The Opinionator, The National Review, and intellectual dishonesty
If you want yet another example of how an intellectually dishonest argument can get mainstreamed, look at today's Opiniionator in the NY Times. It's a quick hit--the whole thing consists of a link to the National Review, two quoted paragraphs, and this sentence: "Tom Nugent, a principal at Victoria Capital Management, writes at National Review Online of his intriguing plan to boost government revenues without raising income or corporate taxes:" That's it. Nothing of any substance--but it's in the NY Times and used the word "intriguing," which gives it a cachet of quality the piece itself doesn't deserve. Why is that?
Because the piece itself is a joke. You can tell it's a joke from the subtitle:
Instead of going after the little guy, Congress should take aim at foundations and endowments.
Who's this little guy Nugent is so concerned about? I'll tell you one thing--it ain't me. He hints around that the little guy is everyone south of Warren Buffet and Bill Gates. If you use them as a benchmark, I'm beyond little; I'm a damn subatomic particle.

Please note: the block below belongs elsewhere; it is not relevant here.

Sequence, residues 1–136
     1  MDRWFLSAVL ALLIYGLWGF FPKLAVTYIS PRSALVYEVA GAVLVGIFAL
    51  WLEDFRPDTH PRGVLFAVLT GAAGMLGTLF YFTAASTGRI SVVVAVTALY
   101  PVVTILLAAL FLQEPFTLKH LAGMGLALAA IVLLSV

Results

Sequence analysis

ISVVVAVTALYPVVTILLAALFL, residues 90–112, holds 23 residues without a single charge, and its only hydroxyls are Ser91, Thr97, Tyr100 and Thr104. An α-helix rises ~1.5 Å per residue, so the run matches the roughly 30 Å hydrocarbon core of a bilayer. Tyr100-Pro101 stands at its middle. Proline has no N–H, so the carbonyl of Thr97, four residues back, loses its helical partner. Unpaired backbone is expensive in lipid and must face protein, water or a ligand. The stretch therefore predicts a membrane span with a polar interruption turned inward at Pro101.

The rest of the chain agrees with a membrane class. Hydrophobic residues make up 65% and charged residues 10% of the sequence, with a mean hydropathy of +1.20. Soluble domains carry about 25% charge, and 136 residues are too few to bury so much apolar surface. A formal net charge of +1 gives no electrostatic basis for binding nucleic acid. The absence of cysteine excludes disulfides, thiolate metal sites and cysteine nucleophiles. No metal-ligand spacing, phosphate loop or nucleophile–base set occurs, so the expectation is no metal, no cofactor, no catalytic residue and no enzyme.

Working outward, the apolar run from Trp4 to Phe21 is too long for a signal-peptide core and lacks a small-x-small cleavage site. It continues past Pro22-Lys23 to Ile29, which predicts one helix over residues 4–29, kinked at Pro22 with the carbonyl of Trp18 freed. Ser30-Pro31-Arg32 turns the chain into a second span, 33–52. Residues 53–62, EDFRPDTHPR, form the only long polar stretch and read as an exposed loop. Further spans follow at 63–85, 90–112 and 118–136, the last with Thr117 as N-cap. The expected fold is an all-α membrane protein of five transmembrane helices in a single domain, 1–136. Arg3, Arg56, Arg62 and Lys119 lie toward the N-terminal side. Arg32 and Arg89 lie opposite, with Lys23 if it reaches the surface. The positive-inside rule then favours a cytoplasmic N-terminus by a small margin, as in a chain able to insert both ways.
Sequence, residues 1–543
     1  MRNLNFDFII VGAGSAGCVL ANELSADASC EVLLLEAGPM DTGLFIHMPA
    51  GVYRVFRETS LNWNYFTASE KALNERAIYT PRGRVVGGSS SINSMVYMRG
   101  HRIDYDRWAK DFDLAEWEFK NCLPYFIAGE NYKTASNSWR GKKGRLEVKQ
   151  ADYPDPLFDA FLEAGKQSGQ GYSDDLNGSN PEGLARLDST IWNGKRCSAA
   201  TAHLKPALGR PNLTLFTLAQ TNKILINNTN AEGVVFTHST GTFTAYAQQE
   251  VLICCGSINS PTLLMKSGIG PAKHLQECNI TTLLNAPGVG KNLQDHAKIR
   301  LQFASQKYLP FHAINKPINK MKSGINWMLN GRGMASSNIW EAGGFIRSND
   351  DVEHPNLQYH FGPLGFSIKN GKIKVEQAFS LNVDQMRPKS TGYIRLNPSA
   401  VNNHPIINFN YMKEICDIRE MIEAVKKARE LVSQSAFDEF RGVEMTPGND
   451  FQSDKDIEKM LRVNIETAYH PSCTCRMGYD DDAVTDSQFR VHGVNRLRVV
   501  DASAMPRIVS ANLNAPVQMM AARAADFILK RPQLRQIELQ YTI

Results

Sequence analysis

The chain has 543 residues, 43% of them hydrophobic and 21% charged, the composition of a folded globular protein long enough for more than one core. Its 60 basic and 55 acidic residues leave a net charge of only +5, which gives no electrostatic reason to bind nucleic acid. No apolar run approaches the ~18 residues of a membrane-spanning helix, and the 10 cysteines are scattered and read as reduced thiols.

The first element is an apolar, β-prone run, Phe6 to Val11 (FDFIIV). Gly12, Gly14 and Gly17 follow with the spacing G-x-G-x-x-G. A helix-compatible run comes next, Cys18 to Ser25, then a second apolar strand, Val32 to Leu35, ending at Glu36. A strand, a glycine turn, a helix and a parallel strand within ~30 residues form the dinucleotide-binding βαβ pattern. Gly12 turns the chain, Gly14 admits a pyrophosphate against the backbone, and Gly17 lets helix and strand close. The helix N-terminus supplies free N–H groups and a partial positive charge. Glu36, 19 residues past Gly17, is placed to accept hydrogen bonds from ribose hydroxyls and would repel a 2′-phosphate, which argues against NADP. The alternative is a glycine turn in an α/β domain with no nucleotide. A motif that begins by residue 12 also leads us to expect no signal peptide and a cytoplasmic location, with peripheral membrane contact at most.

It's more than that, though. It's his assertion in the second sentence that the Laffer curve always works, even though it never does; it's the argument that the estate tax helps the super-wealthy (because both Gates and Buffett support it, they must be doing so out of self-interest, right?) while hurting the little guy, even though the estate tax only affects about 2% of the estates in the nation.
But then there's the best part of the whole story--and the part that so intrigued Tobin Harshaw in the NY Times. Nugent looks to university endowments as a source for new taxation. Not CEOs. Not corporations. Not capital gains. No--university endowments. And he's suggesting this at a time where public universities are being asked to depend less and less on state funding and more on endowments just to maintain their standards, if not improve. That's right--as if higher education, generally in a state of crisis, but even more so right now isn't bad off enough, he wants to go after their endowments under the pretext of protecting the little guy.
Speaking as a subatomic particle, I'd like to tell Mr. Nugent to go protect someone else, thank you very much.